Financial Daily from THE HINDU group of publications
Friday, Nov 11, 2005
Government - Policy
Info-Tech - Telecommunications
Entry norms eased, licence fee cut for NLD, ILD players Long distance phone tariffs set to drop
HAPPY CALLING: The Minister for Communications and IT, Mr Dayanidhi Maran, addressing a press conference in the Capital on Thursday. Ramesh Sharma
New Delhi , Nov 10
LONG distance telephone tariffs could drop by over 9 per cent, with the Government today announcing a reduction in entry fee for national (NLD) and international long distance (ILD) players to a uniform Rs 2.5 crore from the existing Rs 100 crore and Rs 25 crore respectively, even as it cut the revenue share to 6 per cent.
These and other major policy decisions like permitting Internet telephony announced by the Minister for Communications and IT, Mr Dayanidhi Maran, today are aimed at intensifying competition in the telecom sector and allowing smaller players to enter the market.
"I expect at least a nine per cent drop in long distance calls tariffs. We have removed all the barriers... There will be a lot more competition in both segments and major beneficiary will only be the consumer," Mr Maran said, adding that this was in line with the proposed `IndiaOne' regime.
As per the new norms, the entry fee in the NLD segment has been reduced from Rs 100 crore to Rs 2.5 crore. Similarly, the revenue share is down to 6 per cent from 15 per cent of Adjusted Gross Revenues with effect from January 1, 2006.
Currently, the networth requirement for NLD licences is Rs 2,500 crore while the paid-up capital of Rs 250 crore is mandated. The Government has now decided to reduce the networth and paid-up capital requirement to Rs 2.5 crore.
In a move that would benefit the Business Process Outsourcing and Knowledge Process Outsourcing industry, the Government has decided to allow NLD and ILD players to directly access corporate subscribers for providing leased circuits or closed user group networks.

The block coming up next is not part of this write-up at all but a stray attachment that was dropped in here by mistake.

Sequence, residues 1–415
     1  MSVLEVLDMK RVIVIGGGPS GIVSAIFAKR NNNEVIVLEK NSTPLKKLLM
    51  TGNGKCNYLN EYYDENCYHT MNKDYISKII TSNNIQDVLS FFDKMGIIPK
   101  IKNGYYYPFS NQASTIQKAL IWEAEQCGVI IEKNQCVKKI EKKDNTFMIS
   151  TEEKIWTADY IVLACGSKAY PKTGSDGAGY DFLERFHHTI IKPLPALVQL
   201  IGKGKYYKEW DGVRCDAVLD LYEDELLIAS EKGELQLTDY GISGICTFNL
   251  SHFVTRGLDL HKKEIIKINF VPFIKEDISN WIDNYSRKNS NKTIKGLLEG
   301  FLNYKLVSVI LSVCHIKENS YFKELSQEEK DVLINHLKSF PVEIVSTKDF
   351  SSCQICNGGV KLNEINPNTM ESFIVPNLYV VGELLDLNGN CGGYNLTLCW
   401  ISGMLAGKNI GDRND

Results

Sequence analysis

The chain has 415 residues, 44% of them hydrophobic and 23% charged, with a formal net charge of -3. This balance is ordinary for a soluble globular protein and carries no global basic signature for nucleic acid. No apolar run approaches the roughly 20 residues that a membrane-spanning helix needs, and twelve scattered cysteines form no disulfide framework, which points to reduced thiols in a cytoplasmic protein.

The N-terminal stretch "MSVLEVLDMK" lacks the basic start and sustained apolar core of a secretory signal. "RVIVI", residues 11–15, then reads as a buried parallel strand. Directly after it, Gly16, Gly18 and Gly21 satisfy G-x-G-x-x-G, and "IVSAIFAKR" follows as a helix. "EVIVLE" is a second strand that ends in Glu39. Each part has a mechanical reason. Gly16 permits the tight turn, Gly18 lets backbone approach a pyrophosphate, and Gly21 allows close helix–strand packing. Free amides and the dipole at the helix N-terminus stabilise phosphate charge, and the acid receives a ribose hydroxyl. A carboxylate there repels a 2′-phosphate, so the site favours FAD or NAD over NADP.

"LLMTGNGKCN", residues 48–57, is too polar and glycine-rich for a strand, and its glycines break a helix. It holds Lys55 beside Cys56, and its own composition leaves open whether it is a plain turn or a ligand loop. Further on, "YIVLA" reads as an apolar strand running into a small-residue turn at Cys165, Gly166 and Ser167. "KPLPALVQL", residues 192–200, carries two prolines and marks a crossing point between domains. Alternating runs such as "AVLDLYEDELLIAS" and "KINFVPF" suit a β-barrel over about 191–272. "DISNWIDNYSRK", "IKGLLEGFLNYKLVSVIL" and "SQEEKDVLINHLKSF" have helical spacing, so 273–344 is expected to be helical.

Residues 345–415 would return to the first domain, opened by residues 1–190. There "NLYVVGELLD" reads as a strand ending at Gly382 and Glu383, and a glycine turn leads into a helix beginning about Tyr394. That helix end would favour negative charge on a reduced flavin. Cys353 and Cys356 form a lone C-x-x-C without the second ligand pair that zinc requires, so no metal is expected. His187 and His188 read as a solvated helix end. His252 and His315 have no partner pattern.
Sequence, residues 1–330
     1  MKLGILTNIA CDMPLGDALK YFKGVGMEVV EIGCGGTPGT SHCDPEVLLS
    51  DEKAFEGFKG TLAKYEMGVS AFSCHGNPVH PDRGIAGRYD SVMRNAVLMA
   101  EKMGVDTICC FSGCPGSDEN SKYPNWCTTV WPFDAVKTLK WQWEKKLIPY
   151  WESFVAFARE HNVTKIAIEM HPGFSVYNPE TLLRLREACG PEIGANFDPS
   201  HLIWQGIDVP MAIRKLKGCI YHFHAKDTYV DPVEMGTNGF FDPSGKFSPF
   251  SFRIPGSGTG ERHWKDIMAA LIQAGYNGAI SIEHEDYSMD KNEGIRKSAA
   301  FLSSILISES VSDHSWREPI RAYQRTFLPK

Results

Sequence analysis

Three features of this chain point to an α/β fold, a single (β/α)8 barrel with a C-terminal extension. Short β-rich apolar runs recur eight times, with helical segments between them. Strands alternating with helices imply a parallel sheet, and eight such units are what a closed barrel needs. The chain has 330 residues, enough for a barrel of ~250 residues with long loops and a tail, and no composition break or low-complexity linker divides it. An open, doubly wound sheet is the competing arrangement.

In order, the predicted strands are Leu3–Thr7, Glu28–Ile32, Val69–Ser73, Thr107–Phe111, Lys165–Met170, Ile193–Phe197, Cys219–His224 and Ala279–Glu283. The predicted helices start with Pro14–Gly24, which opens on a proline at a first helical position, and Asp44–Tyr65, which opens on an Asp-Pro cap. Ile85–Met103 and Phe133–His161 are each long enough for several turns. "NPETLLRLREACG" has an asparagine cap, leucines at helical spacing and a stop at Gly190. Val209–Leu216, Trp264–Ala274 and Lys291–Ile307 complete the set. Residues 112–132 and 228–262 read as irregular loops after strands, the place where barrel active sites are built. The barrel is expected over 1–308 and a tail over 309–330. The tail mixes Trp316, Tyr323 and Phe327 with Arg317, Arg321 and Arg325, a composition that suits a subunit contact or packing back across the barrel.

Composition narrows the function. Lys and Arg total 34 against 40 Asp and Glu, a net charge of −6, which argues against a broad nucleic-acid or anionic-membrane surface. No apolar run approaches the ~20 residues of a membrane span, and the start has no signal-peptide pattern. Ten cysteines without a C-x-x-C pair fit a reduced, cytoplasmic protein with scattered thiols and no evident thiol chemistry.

Earlier, the long distance players were required to go through the last-mile access providers.
However, Mr Maran clarified that carrier selection would not be permitted to subscribers yet. "We want more operators to come in. If the consumers need more choice, we have to make sure that the market is ready," he pointed out.
Similarly, the entry fee in ILD segment has been reduced to Rs 2.5 crore from Rs 25 crore, while the revenue share has been lowered to 6 per cent from 15 per cent earlier.
There is no need to have mandatory roll-out obligation for ILD service licensees except for having one switch in India.
The networth and paid-up capital of the applicant company for the ILD service licence would be Rs 2.5 crore. The cut in annual licence fee (revenue share) would be applicable to all new as well as existing players including Bharti, Reliance Infocomm and VSNL.
Today's move is expected to benefit non-integrated telecom players such as Hutchison-Essar and Idea Cellular.
The Government has also done away with the pre-requisite of having prior experience in the telecom sector for granting service licences. In another far-reaching decision, it has decided to permit Internet telephony. Access Service Providers such as Bharti, Tata, Reliance, BSNL and MTNL would now be allowed to provide telephony through the Internet to their subscribers and also use the network of NLD and ILD service licensees for offering Broadband and Internet services, besides Internet telephony.
Currently, domestic users have limited choice as Internet telephony is restricted to PC-to-PC calls and within closed user groups. Now the Internet telephony calls would be allowed to terminate on a landline though the subscriber would require a different IP-enabled handset at his end.
It has also been decided to do away with IP II (infrastructure and fibre providers) and IP VPN licences, and these players would have to migrate to NLD/ILD service licences. Companies that do not migrate would not be allowed to provide bandwidth services to corporates as per their current licence guidelines. This would impact players such as Railtel, Gailtel and Sify amongst others.
ISPs offering restricted Internet Telephony services and VSAT service providers would have to pay 6 per cent annual revenue share to the Government.
On the loss to the exchequer on lowering of entry fee and revenue share, Mr Maran said, "I am expecting higher traffic and lower cost which will more than compensate the loss due to lowering of fees."
Stories in this Section
The Hindu Group: Home | About Us | Copyright | Archives | Contacts | Subscription
Group Sites: The Hindu | Business Line | The Sportstar | Frontline | The Hindu eBooks | The Hindu Images | Home |
Copyright © 2005, The
Hindu Business Line. Republication or redissemination of the contents of
this screen are expressly prohibited without the written consent of
The Hindu Business Line